Getting to Know You: Dr. Robyn Bourgeois

This profile of Dr. Robin Bourgeois originally appeared in the Fall 2015 edition of The Beacon.

Getting to Know You:  Dr. Robyn Bourgeois joins Coady’s Indigenous Women in Community Leadership Program

“A nation is not conquered until the hearts of the women are on the ground. Then it’s done no matter how strong the warriors or how sharp the weapons.” — Cheyenne proverb.


Photo of Dr. Robyn Bourgeois (right) and Caitlyn Tolley (left), a graduate of the Indigenous Women in Community Leadership Program (IWCL). Photo Credit: Caitlyn Tolley

Dr. Robyn Bourgeois moved to Antigonish this spring with her husband, Aaron, and two children, 3 year old Raylena and nearly 2 year old Marvel. Initially she wasn’t sure whether the town or her new position as Senior Program Teaching Staff with the Indigenous Women in Community Leadership Program were going to be a good fit. Four months later, Robyn expressed her belief that “I don’t think we’ve ever been so happy. Everyone is so nice”.

Work has also proven to be a pleasant surprise.

“The best experience I’ve ever had, ever, in the classroom. You see that light bulb, see a student really get it,” Robyn said. “These [instances] are few and far between in the university settings I’ve been in so far, but in this program you see it constantly. [It’s] the PhDs and the MAs and everything else are definitely going to contribute, but on the ground, practical community skills are what we’re needing”.

Robyn’s career almost never had the chance to get off the ground. 

Soon after enrolling in university, Robyn was forced into prostitution by her then-boyfriend. Fed a steady diet of drugs and forced to worked the streets, Robyn only managed to escape following a violent altercation. She spent the next six months hiding out, kicking her drug habit, and laying low. Though she still lives in fear, Robyn believes that being open about her story makes her a harder target.

Recognizing this second chance, Robyn, in her words, “devoted herself to changing the world”. She studied at UBC-Okanagan and was encouraged to become a professor. At this time, she became involved in activism, particularly around missing and murdered aboriginal women and human trafficking, and began working with different indigenous groups around the country. “Growing up, we weren’t really supported in celebrating or acknowledging our indigenous ancestry.”  Activism allowed Robyn to reconnect with her community and culture, and drove her to pursue a PhD in Social Justice Education with a focus on indigenous studies from the University of Toronto.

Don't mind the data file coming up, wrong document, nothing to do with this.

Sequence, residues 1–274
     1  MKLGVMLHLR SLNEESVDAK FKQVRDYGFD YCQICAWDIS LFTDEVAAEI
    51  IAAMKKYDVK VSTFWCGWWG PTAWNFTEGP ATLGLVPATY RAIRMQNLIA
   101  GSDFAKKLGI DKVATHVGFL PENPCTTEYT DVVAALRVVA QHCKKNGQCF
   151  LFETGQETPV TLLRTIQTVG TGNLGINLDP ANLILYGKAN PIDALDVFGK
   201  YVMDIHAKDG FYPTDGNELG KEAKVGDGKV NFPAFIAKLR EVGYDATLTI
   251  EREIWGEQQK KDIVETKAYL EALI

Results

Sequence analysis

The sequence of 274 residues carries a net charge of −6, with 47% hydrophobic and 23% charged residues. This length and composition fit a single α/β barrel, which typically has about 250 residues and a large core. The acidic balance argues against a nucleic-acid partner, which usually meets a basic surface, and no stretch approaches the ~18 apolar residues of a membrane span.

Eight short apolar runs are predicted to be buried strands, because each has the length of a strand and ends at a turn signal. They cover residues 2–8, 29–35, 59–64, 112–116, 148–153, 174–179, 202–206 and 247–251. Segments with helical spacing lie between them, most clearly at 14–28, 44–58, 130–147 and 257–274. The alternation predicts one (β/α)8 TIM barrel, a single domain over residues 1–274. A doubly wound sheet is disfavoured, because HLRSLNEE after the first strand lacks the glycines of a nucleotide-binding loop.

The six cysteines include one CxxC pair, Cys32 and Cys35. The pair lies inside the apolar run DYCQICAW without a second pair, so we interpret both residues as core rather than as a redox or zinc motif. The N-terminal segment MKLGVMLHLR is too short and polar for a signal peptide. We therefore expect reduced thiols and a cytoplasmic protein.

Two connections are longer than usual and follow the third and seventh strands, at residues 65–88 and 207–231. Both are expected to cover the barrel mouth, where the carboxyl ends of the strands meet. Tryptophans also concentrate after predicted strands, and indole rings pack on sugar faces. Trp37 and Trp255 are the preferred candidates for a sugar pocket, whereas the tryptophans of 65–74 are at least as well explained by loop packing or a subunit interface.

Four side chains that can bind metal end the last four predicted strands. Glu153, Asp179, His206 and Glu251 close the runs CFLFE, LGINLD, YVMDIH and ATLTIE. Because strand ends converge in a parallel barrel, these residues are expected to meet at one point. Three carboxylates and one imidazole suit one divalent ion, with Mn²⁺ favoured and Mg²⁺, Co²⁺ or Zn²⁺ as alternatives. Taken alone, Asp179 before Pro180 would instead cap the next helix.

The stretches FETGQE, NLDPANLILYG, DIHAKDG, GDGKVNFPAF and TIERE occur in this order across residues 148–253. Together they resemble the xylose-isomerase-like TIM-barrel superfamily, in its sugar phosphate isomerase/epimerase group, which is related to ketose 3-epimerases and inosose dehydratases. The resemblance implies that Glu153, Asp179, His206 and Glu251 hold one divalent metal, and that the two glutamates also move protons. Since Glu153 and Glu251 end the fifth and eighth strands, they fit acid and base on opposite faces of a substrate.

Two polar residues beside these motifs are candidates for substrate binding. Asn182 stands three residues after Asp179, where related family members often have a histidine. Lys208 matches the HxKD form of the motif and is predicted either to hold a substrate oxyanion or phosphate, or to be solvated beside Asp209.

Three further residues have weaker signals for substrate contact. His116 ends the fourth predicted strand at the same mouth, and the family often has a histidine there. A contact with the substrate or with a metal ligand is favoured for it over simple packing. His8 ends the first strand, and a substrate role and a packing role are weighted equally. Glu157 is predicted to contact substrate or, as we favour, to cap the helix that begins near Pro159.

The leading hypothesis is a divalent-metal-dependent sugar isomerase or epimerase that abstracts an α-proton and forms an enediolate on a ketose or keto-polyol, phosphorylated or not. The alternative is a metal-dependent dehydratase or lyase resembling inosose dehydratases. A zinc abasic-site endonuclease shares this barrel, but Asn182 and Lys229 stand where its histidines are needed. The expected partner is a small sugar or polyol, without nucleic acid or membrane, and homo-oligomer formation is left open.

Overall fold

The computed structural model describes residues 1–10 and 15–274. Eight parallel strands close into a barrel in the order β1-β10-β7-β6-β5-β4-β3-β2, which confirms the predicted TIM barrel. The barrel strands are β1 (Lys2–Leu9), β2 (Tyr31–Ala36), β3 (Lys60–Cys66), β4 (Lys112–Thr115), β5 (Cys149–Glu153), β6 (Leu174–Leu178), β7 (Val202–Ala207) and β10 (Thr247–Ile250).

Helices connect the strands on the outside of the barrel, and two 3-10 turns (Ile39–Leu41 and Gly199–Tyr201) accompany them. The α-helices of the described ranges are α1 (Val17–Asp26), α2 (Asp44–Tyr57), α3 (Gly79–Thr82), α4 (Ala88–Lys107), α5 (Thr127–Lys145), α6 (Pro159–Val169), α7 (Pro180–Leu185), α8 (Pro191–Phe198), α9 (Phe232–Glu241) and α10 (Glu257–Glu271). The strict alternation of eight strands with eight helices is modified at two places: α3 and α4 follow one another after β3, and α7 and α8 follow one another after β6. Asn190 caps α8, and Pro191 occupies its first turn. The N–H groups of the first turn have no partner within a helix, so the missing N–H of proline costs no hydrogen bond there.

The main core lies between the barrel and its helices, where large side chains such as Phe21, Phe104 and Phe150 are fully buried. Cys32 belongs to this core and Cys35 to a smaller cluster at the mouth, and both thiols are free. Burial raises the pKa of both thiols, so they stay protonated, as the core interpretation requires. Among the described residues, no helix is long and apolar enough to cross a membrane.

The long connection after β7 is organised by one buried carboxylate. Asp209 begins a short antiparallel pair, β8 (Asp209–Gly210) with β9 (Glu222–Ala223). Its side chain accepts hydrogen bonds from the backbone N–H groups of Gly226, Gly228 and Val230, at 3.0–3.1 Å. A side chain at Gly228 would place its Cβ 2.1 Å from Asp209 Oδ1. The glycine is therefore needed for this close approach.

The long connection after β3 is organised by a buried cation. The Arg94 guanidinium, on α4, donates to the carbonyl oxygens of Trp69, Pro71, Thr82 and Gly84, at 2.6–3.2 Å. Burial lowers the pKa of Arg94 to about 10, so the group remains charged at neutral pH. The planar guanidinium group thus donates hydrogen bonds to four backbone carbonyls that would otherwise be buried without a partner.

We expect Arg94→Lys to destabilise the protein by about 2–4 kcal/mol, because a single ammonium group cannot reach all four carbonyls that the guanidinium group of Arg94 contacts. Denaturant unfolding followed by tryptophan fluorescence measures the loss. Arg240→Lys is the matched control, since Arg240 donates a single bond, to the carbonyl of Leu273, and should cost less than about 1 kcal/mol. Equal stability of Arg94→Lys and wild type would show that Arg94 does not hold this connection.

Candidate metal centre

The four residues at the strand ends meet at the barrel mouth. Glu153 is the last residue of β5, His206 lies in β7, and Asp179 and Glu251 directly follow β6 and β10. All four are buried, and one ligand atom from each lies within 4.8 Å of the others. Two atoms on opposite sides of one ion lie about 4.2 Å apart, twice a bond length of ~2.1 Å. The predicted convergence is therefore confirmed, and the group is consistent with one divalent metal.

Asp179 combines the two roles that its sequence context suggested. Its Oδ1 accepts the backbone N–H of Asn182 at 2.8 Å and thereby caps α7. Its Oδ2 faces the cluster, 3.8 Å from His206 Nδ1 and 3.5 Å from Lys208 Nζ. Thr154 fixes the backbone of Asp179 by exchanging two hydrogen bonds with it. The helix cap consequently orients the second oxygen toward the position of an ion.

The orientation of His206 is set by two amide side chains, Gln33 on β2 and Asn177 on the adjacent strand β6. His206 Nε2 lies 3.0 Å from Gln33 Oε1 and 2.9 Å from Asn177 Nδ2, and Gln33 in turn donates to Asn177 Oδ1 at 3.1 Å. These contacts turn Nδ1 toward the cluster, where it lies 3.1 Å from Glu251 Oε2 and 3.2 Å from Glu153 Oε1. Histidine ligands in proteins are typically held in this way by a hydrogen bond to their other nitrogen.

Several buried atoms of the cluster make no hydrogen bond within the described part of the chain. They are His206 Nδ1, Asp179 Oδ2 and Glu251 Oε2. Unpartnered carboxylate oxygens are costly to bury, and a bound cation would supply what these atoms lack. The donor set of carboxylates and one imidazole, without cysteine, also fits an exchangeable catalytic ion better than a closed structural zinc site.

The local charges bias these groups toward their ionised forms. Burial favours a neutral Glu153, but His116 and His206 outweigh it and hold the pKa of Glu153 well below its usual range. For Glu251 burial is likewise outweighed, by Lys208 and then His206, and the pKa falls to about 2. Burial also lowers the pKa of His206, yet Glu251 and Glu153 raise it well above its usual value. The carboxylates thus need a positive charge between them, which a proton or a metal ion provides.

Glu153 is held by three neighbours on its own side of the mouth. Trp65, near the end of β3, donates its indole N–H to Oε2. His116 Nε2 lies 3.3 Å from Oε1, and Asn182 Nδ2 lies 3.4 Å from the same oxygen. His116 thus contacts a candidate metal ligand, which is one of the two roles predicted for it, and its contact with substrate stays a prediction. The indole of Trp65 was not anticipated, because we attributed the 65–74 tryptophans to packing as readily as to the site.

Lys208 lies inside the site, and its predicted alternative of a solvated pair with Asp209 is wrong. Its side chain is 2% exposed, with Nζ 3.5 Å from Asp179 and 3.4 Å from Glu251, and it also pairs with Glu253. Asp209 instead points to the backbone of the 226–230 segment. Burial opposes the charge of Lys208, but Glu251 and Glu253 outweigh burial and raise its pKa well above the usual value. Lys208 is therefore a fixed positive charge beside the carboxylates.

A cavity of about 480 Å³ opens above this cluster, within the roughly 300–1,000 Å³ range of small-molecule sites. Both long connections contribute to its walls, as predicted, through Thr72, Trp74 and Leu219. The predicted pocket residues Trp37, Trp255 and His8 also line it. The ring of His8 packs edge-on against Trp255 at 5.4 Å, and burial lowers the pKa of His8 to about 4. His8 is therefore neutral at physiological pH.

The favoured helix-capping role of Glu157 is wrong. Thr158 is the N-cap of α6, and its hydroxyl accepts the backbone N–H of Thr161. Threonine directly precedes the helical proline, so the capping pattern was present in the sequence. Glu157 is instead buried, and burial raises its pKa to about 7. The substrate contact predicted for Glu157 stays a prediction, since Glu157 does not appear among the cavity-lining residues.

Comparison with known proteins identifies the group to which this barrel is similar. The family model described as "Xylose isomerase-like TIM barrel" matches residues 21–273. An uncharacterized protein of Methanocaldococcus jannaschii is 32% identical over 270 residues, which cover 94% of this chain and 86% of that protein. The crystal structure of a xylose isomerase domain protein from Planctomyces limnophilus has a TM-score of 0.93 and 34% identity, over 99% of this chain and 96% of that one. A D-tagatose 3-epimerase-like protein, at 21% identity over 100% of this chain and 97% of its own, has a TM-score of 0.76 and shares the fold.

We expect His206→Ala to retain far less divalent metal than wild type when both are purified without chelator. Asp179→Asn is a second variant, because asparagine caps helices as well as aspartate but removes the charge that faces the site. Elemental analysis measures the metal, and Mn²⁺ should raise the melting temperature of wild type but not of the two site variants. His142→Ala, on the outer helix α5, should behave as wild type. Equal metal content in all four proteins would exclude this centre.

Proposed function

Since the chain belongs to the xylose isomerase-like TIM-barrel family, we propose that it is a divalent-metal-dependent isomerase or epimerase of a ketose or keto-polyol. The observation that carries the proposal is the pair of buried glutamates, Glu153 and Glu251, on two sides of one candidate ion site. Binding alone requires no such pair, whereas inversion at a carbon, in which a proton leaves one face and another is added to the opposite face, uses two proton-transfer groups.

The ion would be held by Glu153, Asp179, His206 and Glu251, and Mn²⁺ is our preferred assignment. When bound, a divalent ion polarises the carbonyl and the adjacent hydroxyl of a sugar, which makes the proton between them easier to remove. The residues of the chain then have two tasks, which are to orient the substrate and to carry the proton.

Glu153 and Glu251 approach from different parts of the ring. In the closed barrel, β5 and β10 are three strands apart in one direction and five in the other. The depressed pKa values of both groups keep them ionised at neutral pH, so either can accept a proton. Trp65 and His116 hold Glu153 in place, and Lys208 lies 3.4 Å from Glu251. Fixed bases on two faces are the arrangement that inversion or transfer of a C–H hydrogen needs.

This desire to combine activism with scholarship let her to Coady. Established in 2011 and offered by the Coady International Institute’s International Centre for Women’s Leadership, the Indigenous Women in Community Leadership Program supports indigenous women’s capacity to lead, and develop their community’s capacity for self-determination. Eligible to all First Nations, Métis, or Inuit women legally entitled to work in Canada, the program welcomed 21 participants to Coady this May. Participants were taught Coady tools such as Asset-Based Community Development (ABCD) and the Community Health Impact Assessment (CHIA) during the residency period and, during the fieldwork aspect of the course, used these tools to examine their communities and create a profile. “Individual women get leadership training [and] solid on the ground skills we can use in our communities, [that are] also spiritually driven by our cultural teaching and practices,” Robyn explains.

During the last week of May, accomplished indigenous women from across the country join the course to serve as mentors as participants develop projects. There are significant barriers to implementing the projects and participants can learn from mentors who have also faced struggles and barriers in their work to make positive change in their communities.

The course is “indigenous-centred, spiritually driven by cultural teachings and practices…and committed to supporting the communities,” Robyn notes. “It is a course rooted in not only social change, but social enterprise, community economic development, becoming self-determining in all capacities: economics, social, political, spiritual… It’s really indigenous-centred. Nothing like this exists.”

To learn more about the Indigenous Women in Community Leadership program, please visit: